If you've created a work of art, you legally hold the copyright in that work. If you want greater protection of your rights, however, you need to take a further step: registration. This puts your work "on record" as your property, and allows you an important advantage if you want to file a claim against anyone who uses your art without permission.
Reason to Register
Once you've fixed a work of art in tangible form, you hold the legal copyright as the creator of that work. If anyone copies or uses your work without your permission, they've violated your rights. You are entitled to sue the copyright infringer for any profits they made from your work. If you register your work with the U.S. Copyright Office, you can also claim damages up to $150,000, as well as attorney fees and court costs.
Registering a Copyright
When you register a copyright, you establish yourself as the artist and set a date for the creation of the work. There is time, money and paperwork involved, but the process has become quite a bit speedier with the federal US Copyright Office website. You can submit the registration electronically or by mail; the fee is lower for the online service. You can also get help from an online legal document service, which will walk you through the process and provide the necessary forms.
Submission of Copies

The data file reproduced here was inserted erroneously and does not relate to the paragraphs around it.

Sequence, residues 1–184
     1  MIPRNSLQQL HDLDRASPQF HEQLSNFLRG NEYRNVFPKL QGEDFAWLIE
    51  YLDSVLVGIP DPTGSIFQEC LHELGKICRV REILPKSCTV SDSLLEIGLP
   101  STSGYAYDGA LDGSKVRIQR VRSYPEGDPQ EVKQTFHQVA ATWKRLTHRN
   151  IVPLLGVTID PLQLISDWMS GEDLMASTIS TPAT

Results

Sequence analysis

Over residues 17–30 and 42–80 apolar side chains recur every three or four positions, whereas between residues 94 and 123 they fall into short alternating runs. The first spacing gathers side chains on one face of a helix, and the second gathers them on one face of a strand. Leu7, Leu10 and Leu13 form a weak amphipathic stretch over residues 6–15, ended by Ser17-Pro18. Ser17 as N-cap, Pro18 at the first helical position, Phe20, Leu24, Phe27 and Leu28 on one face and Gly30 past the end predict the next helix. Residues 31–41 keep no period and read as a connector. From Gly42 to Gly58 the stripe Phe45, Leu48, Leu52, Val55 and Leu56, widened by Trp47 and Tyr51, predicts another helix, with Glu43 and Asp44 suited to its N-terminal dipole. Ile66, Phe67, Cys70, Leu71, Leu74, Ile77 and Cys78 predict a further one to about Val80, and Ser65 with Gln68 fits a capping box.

In order to register a copyright, you must submit copies of your work. You can take this last step by uploading electronic images through the online service, or mailing copies of the work, such as a photograph. If you have more than one work of art to copyright, you can request a batch copyright. There is no limit on the number of works of art you can register.
Notice of Copyright
The final step in the process is to mark the work as registered; although the law doesn't require it, this step warns potential infringers. This involves adding a copyright symbol to the work and to all reproductions of the work. In addition, you must identify yourself as the creator, and give the year of the copyright. It's legal to identify a work as copyrighted even if you haven't registered it.
Read More: What Is the Correct Form for a Copyright Notice?
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